Column: Father sometimes stares back from the mirror

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Roger VanHaren

Sometimes — not always — but sometimes, when I look in the mirror, I see my dad’s face where my face used to be. Mind you, I’m not complaining when I see my dad’s face there; after all, I am my father’s son.

There’s a line from a rock song (but I’ll be darned if I can remember who it’s by) that says, “Though my friends mostly don’t see it, I see my father in my own face.” When I was a kid I used to look at my dad, and I’d think,“I don’t resemble him at all.” I always thought I looked more like my mom. To be honest, I sometimes still look at myself and see a little resemblance to Mom. I think that the older I get, the more I’m reminded of my dad.

My dad had beautiful white hair; mine is greying and not very distinguished-looking like his. We have the same dark eyes. There are a few physical resemblances, but I don’t think that’s exactly what I see when I look at my face in the mirror and see in its place my dad’s face.

It’s more the expression, the look in the eyes, the attitude. We went very different roads in our lives: Dad was forced by circumstances to quit school very early and he became a farmer — a darned good one; I got a bachelor’s and then a master’s degree and taught English. Toward the end of his working career, Dad had to quit farming and took a job working as a custodian (he preferred to be called a janitor) at the high school in Oconto Falls. He loved the interaction with the kids and the faculty — the same things I loved about my job. So maybe our roads weren’t so different after all.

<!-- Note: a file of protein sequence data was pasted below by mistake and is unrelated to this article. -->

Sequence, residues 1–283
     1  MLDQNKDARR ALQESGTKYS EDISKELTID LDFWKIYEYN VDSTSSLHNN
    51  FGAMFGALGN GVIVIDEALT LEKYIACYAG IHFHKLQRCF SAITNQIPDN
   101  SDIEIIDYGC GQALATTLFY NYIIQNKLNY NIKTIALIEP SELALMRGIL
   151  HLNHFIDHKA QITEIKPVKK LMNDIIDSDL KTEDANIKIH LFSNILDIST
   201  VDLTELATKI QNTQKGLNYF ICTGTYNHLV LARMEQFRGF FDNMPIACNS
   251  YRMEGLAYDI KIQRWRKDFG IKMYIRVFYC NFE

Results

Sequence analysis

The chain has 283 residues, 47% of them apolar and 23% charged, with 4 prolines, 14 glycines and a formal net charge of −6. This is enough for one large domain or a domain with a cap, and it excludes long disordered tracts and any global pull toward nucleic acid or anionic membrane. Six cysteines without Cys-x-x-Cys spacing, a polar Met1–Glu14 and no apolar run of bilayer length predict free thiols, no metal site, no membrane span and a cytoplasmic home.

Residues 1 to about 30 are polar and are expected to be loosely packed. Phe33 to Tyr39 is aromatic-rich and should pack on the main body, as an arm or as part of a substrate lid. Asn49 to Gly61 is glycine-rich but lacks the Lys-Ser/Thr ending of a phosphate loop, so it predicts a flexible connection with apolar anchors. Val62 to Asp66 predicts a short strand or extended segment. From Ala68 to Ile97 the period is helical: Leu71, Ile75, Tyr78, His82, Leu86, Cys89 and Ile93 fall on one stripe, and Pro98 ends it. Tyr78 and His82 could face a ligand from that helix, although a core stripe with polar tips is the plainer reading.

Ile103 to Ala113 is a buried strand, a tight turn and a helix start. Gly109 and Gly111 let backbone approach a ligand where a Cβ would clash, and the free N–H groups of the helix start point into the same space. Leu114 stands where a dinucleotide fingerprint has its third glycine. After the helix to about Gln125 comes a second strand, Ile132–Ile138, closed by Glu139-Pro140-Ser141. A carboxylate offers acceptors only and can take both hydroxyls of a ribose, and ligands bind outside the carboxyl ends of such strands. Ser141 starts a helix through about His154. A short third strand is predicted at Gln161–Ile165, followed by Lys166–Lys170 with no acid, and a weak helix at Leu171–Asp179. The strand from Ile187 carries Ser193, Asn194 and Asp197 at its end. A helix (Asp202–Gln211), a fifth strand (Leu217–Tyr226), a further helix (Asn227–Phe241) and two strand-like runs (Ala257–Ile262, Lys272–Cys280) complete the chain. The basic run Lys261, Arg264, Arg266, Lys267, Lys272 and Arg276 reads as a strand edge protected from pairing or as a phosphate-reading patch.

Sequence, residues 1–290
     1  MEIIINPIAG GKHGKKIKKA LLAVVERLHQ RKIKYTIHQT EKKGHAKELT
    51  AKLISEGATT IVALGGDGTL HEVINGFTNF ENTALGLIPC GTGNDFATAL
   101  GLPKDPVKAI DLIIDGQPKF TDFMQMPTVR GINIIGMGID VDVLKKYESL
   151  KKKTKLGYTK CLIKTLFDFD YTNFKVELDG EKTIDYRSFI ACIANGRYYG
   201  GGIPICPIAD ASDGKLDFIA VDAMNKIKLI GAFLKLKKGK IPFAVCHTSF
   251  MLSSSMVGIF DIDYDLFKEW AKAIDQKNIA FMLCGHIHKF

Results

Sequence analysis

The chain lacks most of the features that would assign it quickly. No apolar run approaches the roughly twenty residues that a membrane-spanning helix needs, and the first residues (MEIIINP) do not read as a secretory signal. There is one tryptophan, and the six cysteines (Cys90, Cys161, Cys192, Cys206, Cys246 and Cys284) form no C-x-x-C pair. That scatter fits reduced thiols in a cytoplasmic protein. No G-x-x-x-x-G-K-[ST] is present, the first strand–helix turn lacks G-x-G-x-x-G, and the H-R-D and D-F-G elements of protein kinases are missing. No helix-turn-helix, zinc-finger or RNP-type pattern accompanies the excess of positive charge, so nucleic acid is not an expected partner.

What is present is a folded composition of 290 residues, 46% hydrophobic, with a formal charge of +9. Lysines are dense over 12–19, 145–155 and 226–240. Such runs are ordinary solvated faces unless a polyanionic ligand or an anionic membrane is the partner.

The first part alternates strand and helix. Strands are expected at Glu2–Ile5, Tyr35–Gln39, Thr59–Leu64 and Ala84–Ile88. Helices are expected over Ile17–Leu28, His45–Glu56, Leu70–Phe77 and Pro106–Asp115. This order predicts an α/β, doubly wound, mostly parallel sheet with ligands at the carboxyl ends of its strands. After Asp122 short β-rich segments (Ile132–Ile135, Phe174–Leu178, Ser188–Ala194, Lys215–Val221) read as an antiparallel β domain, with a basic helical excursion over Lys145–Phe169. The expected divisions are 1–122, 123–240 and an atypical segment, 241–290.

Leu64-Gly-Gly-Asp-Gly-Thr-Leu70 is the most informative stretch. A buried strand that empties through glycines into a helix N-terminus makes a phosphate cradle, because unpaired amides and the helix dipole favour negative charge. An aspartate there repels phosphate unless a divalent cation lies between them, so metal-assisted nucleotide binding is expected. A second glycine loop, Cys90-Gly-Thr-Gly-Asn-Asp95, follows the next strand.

I’ve been thinking about Dad’s voice. Sometimes when I say something, I have the distinct impression that I’ve just spoken in his voice, not mine. It’s not something that I choose, really; I’ll just be thinking about or talking about my dad, saying something that he did or might have said, and I hear my voice and intonation shift a little bit, my rhythm changes a little bit, and something between his voice and mine comes out of my mouth. Don’t ask me to do it on purpose; I can’t. And probably no one else would hear it, but I do.

No doubt this is complicated psychological stuff I’m talking about here, but is it really? I think it’s just a little spark of understanding: I recognize my father in myself, that’s all. It’s just a real “connection.” Maybe I want to hear his voice coming from my mouth so that I never forget what he sounds like.

My dad did not have an easy life. Farmers live hard lives; they work way too many hours for too small a return on their labors. Janitors have hard, often thankless, jobs. They’re under-appreciated for sure. You know, he never complained about the hard work; he thrived on it, and I learned a great deal from his work ethic. He was (and is) a real role model for me.

Well, my dad had it rough, but he kept his true love for over 68 years. I hope I can do that. Marilyn and I will hit 58 this summer, so I still have a way to go, but, like my dad, I’m working on it!

So, Dad, I want you to know that I have no regrets when I look in the mirror and see you standing there. I can’t think of anything better.

Contact Roger VanHaren